Animal shelters are your best source when looking for a pet. Not only do they have a great selection of adult animals for adoption, but they also have kittens and puppies, even purebred animals. On average, purebreds account for about 25 to 30 percent of a shelter’s dog population.
Many dogs at your local shelter are waiting for new homes because they were obtained by someone with unrealistic expectations of the time, effort, and money required to sustain a lifelong relationship with their pet. National figures indicate that about half of the animals in shelters must be euthanized for lack of homes. Animals at your local shelter are eager to find a new home and are just waiting for someone like you.
You can depend on responsible shelters to assess the animals’ health and temperament in order to make the best adoption matches possible. When animals are relinquished by owners, the shelter staff makes every attempt to collect a thorough history of that pet. Then, while caring for animals, staff and volunteers try to learn as much as they can about these animals as well as those who come to the shelter as strays.
Don’t be discouraged if, when you first visit the shelter, there are no animals of the breed or type you want. Shelters receive new animals every day. Your shelter may also have a waiting list and can call you when an animal matching your preference becomes available. Before choosing your pet, you can even speak with an adoption counselor about whether your choice of a particular type or breed will be best for you.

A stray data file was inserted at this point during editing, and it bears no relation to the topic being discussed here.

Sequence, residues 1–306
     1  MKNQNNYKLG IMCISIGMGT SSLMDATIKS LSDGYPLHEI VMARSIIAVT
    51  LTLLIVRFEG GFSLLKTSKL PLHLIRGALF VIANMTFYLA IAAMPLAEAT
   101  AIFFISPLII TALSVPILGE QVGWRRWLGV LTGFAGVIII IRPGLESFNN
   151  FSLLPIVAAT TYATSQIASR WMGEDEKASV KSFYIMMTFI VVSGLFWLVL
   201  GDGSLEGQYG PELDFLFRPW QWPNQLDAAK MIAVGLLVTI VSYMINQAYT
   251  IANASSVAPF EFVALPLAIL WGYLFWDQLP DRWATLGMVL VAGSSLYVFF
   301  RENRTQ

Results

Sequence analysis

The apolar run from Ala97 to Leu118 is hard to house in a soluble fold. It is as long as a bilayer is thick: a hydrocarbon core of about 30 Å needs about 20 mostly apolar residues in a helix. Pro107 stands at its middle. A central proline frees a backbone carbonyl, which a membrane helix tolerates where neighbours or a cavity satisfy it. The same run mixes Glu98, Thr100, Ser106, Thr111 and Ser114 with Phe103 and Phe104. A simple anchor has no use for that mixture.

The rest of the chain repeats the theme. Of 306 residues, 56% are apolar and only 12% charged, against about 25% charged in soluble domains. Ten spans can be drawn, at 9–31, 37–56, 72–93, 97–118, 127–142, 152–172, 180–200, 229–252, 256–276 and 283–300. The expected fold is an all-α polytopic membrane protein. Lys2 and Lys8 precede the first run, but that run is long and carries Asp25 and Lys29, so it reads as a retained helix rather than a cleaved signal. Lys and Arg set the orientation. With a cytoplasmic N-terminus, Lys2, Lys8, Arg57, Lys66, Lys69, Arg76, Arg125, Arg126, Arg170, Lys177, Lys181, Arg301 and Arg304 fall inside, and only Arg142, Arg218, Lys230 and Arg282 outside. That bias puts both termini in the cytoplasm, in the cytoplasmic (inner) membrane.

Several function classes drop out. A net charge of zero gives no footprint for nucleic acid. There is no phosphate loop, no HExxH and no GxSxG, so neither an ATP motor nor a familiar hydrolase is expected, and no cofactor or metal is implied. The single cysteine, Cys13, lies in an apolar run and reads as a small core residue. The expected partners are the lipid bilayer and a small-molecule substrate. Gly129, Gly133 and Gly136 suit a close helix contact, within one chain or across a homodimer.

In an effort to make good matches between people and animals and to place pets in lifelong homes, many shelters provide adoption counseling and follow-up assistance, such as pet parenting and dog-training classes, medical services, and behavior counseling. Or they may be able to refer you to providers of these services.
Another advantage is that shelter adoption fees are usually much less than an animal’s purchase price at a pet store or breeder. And your new pet is more likely to be vaccinated, dewormed, and spayed or neutered. To locate your local animal shelter, check the Yellow Pages under “animal shelter,” “animal control,” or “humane society.”
Many shelters have websites on which they display the animals they have available for adoption. Some sites allow you to download adoption forms and read about responsible pet care. A growing number of shelters also promote their web sites, and the animals they have for adoption.